After becoming an established fashion designer, he was featured in two books, namely the Haute Couture Designers of the World by Dina Hajje in Paris, France; and Volume 5 of the Best of the Philippines, a showcase for the best designers in the Philippines. He has staged numerous fashion gala shows here and abroad and has served as Vice-President of the Fashion Designers Association of the Philippines (FDAP) and as a Board of Director of the Fashion and Design Council of the Philippines (FDCP). Among his other hats have been a fashion editor, lifestyle columnist, radio host, designer of wedding cakes, couture beddings, and signature box designs for Softee Tissue, where he donates part of the proceeds to the Breast Cancer Foundation of the Philippines.
As proud as he is of his considerable achievements, he is also happiest in his role as a father to his 16-year old son; as an employer to his 45 workers to whom he has given stable jobs; and not the least, as a creator of beautiful outfits and wedding gowns who touches people’s lives through his magnificent creations. “It may just be a piece of cloth but it can make a lot of difference in people’s lives,” he states.
“For someone who dreams of a wedding gown from me, the two of us need to work on it. You need to prepare your own wedding plan ahead of time so you can relay it easily to me so when I interpret your ideas, we can work together,” advises Peralta. She needs to book at least eight months in advance because sometimes, the bride may be pregnant, which will necessitate changes in production time. Because he makes sure that he finishes her gown a month ahead, he needs to motivate her to keep her body weight down. If she gains weight, she has to repair her gown herself, he jokes.
Peralta’s advice can extend from the color of her gown—the current trend is for champagne-colored gowns—to her choice of jewelry to go with a simple gown, to the right fabric for the type and location of the wedding, although he admits partiality to Mikado Silk and Duchess Satin for his formal evening weddings. He will also suggest some embellishments to enhance the color or the cut of the gown. Being a good designer, says Peralta, also means being able to communicate to his client his observations and recommendations, which may include his honest assessment of what won’t work for her. Furthermore, he is not one to hesitate to refer her to a colleague if he feels he is not the right designer for her.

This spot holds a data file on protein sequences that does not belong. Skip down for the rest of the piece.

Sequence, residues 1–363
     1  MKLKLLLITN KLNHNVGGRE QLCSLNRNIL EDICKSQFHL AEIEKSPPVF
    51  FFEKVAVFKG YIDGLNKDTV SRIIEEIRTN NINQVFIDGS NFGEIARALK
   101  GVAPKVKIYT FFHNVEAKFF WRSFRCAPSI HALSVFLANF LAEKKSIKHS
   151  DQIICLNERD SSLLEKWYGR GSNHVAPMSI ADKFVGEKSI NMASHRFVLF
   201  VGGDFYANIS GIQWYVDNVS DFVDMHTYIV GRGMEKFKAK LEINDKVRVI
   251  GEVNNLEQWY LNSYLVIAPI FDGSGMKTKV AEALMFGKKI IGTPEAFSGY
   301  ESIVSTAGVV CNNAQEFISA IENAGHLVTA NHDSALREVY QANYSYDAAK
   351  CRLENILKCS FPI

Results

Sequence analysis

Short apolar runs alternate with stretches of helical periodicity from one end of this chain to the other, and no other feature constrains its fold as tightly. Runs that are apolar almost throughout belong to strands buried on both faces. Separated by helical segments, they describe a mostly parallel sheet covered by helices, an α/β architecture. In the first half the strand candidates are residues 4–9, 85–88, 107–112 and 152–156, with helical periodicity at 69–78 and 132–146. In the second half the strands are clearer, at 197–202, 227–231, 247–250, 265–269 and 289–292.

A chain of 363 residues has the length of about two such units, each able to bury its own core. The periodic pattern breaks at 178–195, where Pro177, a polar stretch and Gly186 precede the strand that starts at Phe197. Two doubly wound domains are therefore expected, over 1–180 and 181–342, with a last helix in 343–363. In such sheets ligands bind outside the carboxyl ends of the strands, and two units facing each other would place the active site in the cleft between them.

Reflecting on his work, Peralta muses how personal it has become—a bride will often rely on him not just for his invaluable advice but also for his reassuring presence during her wedding. Often, he notes, “I am the last person she talks to and the last person to hold her hand before she walks down the aisle. I become a part of her life.” The joy of the moment never gets old. The same goes for his encounters with people who completely entrust themselves to him.
He recalls a teacher who saved every centavo and dreamt of having a wedding gown made by him (and having her makeup done by Fanny Serrano after seeing the two of them on TV.) “She approached me and told me that I can do anything for her. I said this is the only thing I can do for with your budget but I can still make something beautiful.” She had her memorable wedding and became the bride she had always wanted to be.
“Life is a never-ending challenge. I never stop learning. Until now, I’m still studying. I’m just taking it one at a time. I know I’ll still be in this business for as long as the client believes in me,” Peralta remarks with a smile. Excusing himself to attend to another client, one can readily see that, indeed, he will be around for many more years to come.
1960 Leon Guinto Street, Malate, Manila
Telephone: 536 9264 | Telefax: 521 3463
308-B Tomas Morato Street, Quezon City
Telefax: 426 5154